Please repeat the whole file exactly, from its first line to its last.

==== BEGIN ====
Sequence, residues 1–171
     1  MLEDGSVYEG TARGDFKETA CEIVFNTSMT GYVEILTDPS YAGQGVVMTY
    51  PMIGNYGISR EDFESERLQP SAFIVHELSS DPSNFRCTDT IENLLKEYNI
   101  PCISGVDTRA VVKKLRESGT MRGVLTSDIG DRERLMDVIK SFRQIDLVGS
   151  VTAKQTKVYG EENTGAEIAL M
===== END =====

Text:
Sequence, residues 1–171
     1  MLEDGSVYEG TARGDFKETA CEIVFNTSMT GYVEILTDPS YAGQGVVMTY
    51  PMIGNYGISR EDFESERLQP SAFIVHELSS DPSNFRCTDT IENLLKEYNI
   101  PCISGVDTRA VVKKLRESGT MRGVLTSDIG DRERLMDVIK SFRQIDLVGS
   151  VTAKQTKVYG EENTGAEIAL M